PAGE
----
9 Steps to Creating an Osteoarthritis Diet
Eating better always seems to be a process of elimination. While eliminating sugars, simple carbohydrates, and artificial chemicals can help improve health, some foods should be added to the diet.
Believe it or not, thirst is not a good predictor of hydration status. By the time that you feel thirsty, you are probably already somewhat dehydrated. Most people probably spend a good portion of their life mildly dehydrated.
The American Heart Association and the American Cancer Society both recommend that you eat at least five servings of fruits and vegetables per day. Research tends to suggest that the more fruits and vegetables you eat, the better.
The reason to eat small cold-water fish is because they contain large amounts of omega-3 fatty acids. Omega-3 fatty acids fight inflammation in the body, and they make the walls of the body's cells more pliable, which is important.
While fish have many anti-inflammatory omega-3 fatty acids, red meat, sadly, has lots of pro-inflammatory omega-6 fatty acids. Red meat and processed meats have been linked to a variety of cancers.
The processed foods that are best to avoid are the sugary ones. These include candies, chocolates and ice cream. Avoid the salty potato chips and foods loaded with saturated fats, too. Cutting down on these foods doesn't have to be a "sacrifice."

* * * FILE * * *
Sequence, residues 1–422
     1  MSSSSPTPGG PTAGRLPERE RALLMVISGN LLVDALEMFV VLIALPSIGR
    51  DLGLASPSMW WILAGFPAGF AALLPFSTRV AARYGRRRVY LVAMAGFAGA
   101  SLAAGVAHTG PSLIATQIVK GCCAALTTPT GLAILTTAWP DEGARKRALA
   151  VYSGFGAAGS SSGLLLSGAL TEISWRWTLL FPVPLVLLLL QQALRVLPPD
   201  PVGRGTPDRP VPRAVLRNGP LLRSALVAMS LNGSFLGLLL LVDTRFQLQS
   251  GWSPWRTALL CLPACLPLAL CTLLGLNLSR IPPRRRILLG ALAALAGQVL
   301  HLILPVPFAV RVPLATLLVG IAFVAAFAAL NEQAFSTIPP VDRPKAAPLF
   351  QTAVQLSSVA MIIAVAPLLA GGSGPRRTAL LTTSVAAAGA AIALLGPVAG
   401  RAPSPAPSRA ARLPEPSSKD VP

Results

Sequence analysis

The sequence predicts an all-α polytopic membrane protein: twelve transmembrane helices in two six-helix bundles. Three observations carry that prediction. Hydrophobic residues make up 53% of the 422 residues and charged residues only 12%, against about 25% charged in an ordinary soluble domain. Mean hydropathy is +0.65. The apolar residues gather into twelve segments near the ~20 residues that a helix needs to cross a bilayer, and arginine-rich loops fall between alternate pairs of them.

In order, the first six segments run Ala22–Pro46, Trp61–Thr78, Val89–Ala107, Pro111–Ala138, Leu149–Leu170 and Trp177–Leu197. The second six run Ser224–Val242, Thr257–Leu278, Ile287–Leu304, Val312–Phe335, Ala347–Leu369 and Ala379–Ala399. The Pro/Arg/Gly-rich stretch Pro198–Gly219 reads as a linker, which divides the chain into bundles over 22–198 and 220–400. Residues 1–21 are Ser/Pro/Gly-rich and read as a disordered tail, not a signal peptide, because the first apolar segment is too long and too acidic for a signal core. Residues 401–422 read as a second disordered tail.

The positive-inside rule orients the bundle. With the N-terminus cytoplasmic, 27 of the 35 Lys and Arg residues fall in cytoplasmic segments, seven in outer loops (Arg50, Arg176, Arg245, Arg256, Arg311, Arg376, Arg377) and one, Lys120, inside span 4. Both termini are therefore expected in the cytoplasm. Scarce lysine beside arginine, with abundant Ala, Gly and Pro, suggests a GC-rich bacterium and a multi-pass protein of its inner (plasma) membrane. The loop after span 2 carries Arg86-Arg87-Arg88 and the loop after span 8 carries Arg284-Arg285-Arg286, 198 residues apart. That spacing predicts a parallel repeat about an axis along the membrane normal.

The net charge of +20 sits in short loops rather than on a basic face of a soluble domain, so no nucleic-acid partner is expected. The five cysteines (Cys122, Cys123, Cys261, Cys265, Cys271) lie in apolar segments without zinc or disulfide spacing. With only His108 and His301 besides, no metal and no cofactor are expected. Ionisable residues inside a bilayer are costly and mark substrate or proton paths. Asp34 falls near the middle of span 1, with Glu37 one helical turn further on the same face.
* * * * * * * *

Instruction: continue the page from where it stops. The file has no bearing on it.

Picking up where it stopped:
Good health starts at the point of purchase. Opt for in-season fruits and vegetables when possible, in addition to stone-ground wheats or carbohydrates high in antioxidants, like quinoa. Feeling better with improved health is worth the extra effort of proper prior planning for dinner.
Bringing out the flavors in foods is simpler than most realize. By roasting, toasting, bruising and searing foods, even the hardened “meat and potato” person will eat vegetables. That’s right, no gentle steaming or boiling bath for those greens; with high heat and brute force, an intense flavor can arrive on the dinner plate.
Consuming food can still be enjoyable, especially with the wonderful flavor of chocolate paired with a nice red wine. Besides the joy of eating something that tastes so good, both chocolate and wine have some serious nutritional powers with seemingly unending uses towards the prevention and treatment of diseases including chronic pain.